Moving Water

When I came home from playing football today I took a shower. About two minutes in, my eye caught sight of a small black shape moving very organically at my feet. When I reached down to touch it, the water splashed over my back, changed its course and the particle lost its wobble. I realised that it was just a piece of dirt that had made the trip home from the pitch with me.

Haven’t you shared similar experiences? seen a piece of matter moved by the elements, wind or water, in such a way that it appears alive? It exists as alive in our mind until our perception receives additional information to think otherwise. Yet the same elements are inside of us and every living being, and the consensus is that there they’re very incontestably driving life.

One of the first concepts we are taught upon beginning high-school biology is that everything on Earth exists in at least one of four planetary layers: the lithosphere, the hydrosphere, the atmosphere and the biosphere (solid minerals, water, air and life). We accept that chemical reactions define the processes in each one, but in the biosphere these chemical cycles operate in tandem with the unique force of life that imbues them and as such are considered to be in a class of their own. This attribute makes the biosphere distinct, but from an outside perspective, life can also be seen as just another set of organizational forces that determine how matter comes to be structured. Life is a continuation of the energy that blew apart and created all the elements that surround us long ago, and that continues to propagate to create evermore diverse and chaotic mixed structures. Humans have invented communication networks that allow even ideational flows to participate in structuring these material flows (and viceversa), but we’re not the only species that is moved to transform through ideas. When sea birds congregate in the millions on islands in the middle of the ocean to find a mate and have offspring, they surely also tell each other something about the world during the months that they spend next to each other on a barren rock. When they leave, this collectively propagated information influences how they act upon their environment.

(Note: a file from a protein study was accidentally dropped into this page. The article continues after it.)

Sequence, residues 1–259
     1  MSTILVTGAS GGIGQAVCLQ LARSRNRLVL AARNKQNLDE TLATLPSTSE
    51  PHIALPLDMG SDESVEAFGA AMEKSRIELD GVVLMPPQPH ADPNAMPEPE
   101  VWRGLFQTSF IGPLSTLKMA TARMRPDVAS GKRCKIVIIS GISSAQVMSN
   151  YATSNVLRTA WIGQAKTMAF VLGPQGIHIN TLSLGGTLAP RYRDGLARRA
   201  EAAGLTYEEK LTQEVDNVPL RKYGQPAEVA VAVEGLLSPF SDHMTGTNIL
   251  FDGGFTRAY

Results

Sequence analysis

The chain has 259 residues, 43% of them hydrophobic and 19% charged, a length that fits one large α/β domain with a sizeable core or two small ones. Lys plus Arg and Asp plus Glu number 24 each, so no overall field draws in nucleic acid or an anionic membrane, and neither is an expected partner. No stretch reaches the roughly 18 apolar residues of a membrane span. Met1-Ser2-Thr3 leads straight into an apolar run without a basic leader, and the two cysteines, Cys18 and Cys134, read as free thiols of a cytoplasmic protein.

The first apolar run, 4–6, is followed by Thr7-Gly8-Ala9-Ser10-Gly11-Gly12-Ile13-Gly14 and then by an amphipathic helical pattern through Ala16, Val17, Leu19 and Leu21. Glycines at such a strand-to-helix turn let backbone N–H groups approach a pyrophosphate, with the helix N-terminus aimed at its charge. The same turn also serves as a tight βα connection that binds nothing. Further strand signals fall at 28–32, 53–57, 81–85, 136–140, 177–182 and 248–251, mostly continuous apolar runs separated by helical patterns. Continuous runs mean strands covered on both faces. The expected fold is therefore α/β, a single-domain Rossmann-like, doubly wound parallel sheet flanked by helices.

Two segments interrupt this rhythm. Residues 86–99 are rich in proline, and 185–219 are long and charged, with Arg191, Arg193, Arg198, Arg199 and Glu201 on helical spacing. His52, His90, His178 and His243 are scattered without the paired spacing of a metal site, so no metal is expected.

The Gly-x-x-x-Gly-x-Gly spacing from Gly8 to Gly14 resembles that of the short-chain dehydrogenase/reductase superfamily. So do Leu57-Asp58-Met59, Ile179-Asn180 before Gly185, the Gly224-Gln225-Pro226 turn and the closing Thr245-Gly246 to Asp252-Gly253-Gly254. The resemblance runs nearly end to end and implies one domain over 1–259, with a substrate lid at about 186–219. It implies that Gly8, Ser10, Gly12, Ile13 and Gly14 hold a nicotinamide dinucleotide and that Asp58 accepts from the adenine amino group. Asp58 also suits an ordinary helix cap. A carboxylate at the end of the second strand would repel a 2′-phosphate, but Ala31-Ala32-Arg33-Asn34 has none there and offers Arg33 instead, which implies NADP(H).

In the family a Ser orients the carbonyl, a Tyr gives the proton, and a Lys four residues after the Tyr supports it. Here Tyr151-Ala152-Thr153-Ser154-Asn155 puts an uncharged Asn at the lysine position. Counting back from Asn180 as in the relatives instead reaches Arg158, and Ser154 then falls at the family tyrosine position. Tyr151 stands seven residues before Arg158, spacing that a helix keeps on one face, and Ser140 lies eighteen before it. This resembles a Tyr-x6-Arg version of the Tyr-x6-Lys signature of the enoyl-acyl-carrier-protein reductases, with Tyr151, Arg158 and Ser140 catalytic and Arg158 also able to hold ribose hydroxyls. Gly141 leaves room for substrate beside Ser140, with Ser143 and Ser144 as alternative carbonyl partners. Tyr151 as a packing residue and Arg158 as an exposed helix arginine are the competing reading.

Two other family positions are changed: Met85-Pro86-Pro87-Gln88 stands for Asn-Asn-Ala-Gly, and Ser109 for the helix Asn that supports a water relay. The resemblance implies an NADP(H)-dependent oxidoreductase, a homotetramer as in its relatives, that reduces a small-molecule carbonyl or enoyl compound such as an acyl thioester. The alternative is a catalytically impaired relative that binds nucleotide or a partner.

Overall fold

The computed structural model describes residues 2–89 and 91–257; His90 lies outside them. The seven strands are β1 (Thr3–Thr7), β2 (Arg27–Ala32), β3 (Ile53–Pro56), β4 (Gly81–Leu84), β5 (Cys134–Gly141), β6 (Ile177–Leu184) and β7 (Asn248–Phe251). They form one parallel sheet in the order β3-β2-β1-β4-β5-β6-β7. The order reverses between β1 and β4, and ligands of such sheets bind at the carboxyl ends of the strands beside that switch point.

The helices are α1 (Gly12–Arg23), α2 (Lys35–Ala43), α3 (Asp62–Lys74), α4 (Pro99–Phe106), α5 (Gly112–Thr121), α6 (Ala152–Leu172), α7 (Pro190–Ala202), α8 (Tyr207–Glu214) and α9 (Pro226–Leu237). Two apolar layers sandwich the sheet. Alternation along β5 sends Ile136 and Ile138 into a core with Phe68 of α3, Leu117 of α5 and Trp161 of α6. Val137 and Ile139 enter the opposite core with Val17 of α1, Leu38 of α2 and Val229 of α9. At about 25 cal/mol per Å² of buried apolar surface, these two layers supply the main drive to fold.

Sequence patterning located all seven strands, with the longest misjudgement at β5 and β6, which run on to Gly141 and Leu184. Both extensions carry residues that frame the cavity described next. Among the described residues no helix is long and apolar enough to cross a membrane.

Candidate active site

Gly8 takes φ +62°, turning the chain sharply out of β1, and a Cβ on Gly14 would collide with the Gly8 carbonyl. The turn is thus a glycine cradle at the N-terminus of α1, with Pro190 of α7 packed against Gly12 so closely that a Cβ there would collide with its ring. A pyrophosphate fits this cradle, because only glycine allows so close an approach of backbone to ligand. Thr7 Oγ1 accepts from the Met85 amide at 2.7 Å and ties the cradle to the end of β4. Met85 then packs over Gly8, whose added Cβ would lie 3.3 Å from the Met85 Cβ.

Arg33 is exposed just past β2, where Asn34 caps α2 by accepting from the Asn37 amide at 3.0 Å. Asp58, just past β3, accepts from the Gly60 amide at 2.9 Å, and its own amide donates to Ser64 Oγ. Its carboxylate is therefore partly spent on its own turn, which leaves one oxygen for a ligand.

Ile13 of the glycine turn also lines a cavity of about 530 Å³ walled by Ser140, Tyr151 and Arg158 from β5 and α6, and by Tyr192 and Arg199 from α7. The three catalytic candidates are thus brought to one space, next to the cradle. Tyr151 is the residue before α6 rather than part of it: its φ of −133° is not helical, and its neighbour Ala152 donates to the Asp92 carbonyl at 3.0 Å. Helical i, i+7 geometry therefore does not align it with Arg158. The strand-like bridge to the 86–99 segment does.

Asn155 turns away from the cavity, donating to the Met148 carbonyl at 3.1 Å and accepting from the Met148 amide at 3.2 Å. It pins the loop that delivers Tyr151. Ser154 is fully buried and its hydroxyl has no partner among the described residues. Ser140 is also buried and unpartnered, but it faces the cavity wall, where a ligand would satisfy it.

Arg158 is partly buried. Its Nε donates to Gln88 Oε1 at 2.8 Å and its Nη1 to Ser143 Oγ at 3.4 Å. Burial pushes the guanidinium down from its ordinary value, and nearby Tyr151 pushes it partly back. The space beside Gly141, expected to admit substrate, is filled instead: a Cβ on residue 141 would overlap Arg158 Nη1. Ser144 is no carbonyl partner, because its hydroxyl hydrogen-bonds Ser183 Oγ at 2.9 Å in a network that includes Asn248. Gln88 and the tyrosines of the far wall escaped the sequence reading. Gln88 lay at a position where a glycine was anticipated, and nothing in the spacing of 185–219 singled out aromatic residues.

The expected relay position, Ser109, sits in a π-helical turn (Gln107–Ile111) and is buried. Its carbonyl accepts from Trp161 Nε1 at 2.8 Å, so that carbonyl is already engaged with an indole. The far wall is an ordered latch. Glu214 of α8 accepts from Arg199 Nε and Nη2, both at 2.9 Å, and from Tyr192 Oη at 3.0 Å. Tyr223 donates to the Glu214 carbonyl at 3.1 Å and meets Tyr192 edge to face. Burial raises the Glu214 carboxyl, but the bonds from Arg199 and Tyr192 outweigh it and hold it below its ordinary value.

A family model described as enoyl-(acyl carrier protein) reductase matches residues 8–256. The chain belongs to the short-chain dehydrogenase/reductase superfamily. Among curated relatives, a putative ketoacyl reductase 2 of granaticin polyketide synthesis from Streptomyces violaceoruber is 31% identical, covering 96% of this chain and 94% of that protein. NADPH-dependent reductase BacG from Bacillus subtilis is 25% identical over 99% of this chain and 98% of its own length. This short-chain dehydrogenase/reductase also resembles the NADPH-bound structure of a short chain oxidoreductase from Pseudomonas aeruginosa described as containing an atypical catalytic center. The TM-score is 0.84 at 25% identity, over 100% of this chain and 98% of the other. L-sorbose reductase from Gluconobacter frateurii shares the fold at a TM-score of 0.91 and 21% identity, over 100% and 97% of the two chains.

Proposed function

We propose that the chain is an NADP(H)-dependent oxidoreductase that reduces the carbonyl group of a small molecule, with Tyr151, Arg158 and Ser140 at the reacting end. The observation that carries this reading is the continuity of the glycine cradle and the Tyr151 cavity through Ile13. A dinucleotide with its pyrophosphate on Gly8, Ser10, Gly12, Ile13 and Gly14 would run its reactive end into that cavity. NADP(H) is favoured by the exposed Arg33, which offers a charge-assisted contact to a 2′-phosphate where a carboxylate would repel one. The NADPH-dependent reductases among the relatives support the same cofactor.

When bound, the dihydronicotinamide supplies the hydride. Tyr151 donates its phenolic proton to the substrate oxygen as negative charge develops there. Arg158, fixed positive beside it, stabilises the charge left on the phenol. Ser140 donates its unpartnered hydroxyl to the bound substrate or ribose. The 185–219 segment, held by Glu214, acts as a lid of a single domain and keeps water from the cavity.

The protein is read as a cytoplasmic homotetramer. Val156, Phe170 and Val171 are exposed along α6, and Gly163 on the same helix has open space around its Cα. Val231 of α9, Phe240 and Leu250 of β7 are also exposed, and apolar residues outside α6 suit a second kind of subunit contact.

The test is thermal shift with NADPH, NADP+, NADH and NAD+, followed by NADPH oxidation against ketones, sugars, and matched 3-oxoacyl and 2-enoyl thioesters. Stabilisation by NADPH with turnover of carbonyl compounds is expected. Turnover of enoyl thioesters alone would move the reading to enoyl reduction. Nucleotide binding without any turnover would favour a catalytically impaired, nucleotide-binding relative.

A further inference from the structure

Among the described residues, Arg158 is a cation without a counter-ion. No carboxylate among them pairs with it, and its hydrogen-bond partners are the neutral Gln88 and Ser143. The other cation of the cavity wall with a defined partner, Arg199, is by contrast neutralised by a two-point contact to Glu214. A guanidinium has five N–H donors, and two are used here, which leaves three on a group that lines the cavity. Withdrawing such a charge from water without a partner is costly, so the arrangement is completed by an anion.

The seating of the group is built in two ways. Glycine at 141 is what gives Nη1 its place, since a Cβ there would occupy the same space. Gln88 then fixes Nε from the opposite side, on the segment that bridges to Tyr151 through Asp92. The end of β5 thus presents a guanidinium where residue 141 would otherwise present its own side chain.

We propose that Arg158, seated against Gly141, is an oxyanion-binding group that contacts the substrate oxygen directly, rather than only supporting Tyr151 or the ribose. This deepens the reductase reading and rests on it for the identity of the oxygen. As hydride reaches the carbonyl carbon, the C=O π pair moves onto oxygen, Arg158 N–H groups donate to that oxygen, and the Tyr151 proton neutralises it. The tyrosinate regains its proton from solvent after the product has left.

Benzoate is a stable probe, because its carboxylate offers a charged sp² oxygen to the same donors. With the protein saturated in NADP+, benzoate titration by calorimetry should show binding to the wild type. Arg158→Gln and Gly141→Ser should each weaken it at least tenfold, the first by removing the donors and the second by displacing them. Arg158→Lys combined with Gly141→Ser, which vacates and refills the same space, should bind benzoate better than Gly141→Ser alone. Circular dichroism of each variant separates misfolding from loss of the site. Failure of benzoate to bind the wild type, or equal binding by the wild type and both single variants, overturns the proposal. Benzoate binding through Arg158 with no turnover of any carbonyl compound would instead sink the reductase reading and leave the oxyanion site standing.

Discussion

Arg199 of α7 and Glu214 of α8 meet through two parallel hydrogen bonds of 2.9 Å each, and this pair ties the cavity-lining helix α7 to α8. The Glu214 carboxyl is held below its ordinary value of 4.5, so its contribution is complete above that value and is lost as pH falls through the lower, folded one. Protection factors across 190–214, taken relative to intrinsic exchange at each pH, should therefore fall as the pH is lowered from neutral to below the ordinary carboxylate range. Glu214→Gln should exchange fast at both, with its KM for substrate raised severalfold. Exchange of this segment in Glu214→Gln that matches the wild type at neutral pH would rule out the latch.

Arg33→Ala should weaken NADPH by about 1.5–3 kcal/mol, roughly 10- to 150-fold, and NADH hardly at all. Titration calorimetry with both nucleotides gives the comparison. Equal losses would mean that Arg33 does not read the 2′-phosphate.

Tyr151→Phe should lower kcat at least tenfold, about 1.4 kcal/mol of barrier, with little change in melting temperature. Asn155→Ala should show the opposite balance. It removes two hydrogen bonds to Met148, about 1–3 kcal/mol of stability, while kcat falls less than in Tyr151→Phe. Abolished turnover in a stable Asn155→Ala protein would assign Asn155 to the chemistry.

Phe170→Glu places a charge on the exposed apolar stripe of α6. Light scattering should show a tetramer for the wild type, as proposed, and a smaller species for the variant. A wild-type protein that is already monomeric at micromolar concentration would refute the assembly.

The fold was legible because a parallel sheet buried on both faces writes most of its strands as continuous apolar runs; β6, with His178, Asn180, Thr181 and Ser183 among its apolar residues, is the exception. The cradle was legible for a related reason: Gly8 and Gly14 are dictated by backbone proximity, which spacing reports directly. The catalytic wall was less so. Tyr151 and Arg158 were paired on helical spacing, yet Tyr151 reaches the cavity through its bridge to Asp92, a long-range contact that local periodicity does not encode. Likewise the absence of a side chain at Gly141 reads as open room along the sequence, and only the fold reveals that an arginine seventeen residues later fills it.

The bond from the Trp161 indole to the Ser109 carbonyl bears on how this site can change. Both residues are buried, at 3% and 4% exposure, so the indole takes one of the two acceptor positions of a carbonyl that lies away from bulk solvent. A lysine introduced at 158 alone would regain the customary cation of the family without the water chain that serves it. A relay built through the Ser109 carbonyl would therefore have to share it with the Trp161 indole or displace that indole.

To me life is perplexing and wonderful because it appears to have its own unique dynamics while simultaneously following the elemental properties of its constituent matter. How much of how we move, think, feel and express do you think is actually due to the fact that we are mostly made up of water?